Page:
Posted by: Ali | February 17, 2010

Movie: Indiana Jones and the Kingdom of the Crystal Skull

Indiana Jones and the Kingdom of the Crystal Skull, 2008, directed by Steven Spielberg; originally in English

I’m going to assume, unlike most of the other movies I’m watching, that many of my readers have actually seen this movie.  If you haven’t, you should consider not reading any further.  I won’t do a plot synopsis or anything, just talk about the movie as it relates to Peru.  It is set in Peru, a fact I didn’t pay attention to the first time I watched it.  Yes, this is a fun movie that I don’t expect to have much basis in reality.  I mean, aliens?  But still, after watching it and actually currently being in Peru, there were HUGE, GLARING ERRORS, and that’s completely skipping all the aliens and psychic stuff.

The Peruvian part of the movie starts off with Indiana Jones being delivered a letter from his friend Oxley in a dead language called Coyoma, a “pre-Colombian Latin American language.”  Now theoretically it is possible that there are dead languages originating in Latin America, possibly even one called Coyoma.  However, not in Peru, which I know is not the biggest error in the world.  The most advanced pre-Colombian society in Peru were the Incas, of course, who spoke Quechua.  The kicker is this: Quechua didn’t have a written form, not at all – they would record numbers by tying knots in ropes called quipus.  But there was basically no written language in Peru until the Spaniards came, which is why today many Quechua words have many different spellings – the city of Cuzco is also spelled Cusco or even Q’osqo.  So it makes absolutely no sense for there to be a dead, written language in Peru, especially one that historians would know about.  Oh and by the way, coyoma is Chilean slang for penis.

Next, Indy and his sidekick Mudd go off to Cusco to see the Nazca lines.  First of all, the Nazca lines are in Nazca, which is in the desert, on the coast, near Lima.  I’ve been there!  Cusco is in the mountains, inland.  I’ve been there too.  They fly over the Nazca lines, which are, by the way, nowhere near as close together or as clear as they look at 39:00 minutes into the movie.  The place that they ended up, which for the whole movie continues to be confused as to whether it wants to be Cusco or Nazca, looks more like a Hollywood stage that is maybe trying to be a jungle.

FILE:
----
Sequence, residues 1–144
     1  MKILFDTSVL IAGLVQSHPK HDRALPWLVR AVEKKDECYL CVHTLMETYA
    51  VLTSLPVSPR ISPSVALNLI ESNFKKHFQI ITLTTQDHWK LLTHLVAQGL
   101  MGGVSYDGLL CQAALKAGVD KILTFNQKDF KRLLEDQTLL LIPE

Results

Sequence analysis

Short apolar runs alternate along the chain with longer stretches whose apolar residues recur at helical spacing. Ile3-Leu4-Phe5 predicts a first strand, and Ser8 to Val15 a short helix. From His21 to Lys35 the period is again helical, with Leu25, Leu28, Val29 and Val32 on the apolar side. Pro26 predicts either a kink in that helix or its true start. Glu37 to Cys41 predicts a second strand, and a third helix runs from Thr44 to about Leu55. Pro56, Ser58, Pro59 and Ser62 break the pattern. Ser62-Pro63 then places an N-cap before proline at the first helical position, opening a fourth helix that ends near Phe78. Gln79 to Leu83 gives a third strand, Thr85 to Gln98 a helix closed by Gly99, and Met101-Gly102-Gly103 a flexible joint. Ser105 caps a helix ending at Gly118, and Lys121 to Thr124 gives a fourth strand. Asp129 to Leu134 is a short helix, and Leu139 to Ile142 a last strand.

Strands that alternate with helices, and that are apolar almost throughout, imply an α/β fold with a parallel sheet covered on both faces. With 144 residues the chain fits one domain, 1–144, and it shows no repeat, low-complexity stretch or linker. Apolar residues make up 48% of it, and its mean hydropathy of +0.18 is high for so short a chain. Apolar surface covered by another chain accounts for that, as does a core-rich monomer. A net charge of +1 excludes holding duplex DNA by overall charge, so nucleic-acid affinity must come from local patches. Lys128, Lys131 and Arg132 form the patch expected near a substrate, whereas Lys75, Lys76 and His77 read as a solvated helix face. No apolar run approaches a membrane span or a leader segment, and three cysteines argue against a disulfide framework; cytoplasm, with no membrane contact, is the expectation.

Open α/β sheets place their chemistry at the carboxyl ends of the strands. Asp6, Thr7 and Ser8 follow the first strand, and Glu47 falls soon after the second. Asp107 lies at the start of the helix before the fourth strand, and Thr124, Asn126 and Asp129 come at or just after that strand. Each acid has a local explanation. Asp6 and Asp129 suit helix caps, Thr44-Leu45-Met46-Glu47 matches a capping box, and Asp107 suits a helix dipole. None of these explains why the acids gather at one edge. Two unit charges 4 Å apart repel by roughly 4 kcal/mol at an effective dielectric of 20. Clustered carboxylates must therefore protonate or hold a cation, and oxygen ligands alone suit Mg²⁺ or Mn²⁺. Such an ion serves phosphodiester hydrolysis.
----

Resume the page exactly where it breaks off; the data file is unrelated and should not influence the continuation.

When they arrive in Cusco/Nazca (Peru only had one airport when the movie was set in 1957 and that was in Lima), Indy speaks Quechua to the locals (which is spoken in Cusco but not Nazca), and Indy reveals that he learned Quechua by riding with Poncho Villa.  Poncho Villa was a Mexican revolutionary.  Mexico is very far away from Peru, and Quechua is only spoken in Peru, Ecuador, and Bolivia.  Oh, and when they arrived in Cusco/Nazca, a Mariachi band was playing in the background (also Mexican).

In Cusco/Nazca, they follow the clues to Chauchilla Cemetary, which is an actual place, in Nazca.  The Nazca people were an actual culture that existed in Peru from 200AD to 800AD.  According to Indiana Jones, Francisco de Orellana, a Spanish conquistador, died in 1546 on the Amazon River, and then was buried in the desert on the other side of the mountains by the Nazcas who had been dead for 700 years.  If you look at the photos above, the Nazcas buried their dead in a desert, although in the movie it was a spooky temple inhabited by aboriginals who, according to one of the volunteers here, practice capoeira, a Brazilian martial art.

Then, oddly enough, we have a rare moment of truth!  In the cemetery, Indiana discovers several misshapen skulls which were elongated.  Indy explains that the Nazca used to wrap the heads of their infants to make them look more like the gods.  I’m not sure about the rationale, but the Nazca did in fact mutate the heads of their children in such a way, although only the children of important people.  They were also good at trepanning and brain surgery.

Next a lot of action happens and the factual errors are kept to a minimum, until Indy and his entourage go over a waterfall, specifically, three of them.  Because of the distinct nature of the waterfalls, one of the volunteers was able to point out that these waterfalls were actually the Iguazu Falls, which are reasonably famous, and are located at the border of Brazil and Argentina, near Paraguay.

Finally, they go through a waterfall and somehow come out on the other side of a Mayan temple.  The Mayans lived in Central America, in southern Mexico down through Nicaragua and that general area.  This part actually boggles me the most because Peru has fantastic old ruins!  Like, lots of them, even ones that are hiding in the jungle, obscure, and no one has heard of them!  So why did they have to pick ruins that were obviously (to me) so not Peruvian?  I could forgive almost everything else, but why not use some cool Inca ruins?


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  4. It was a fun movie?

  5. Its Pancho Villa


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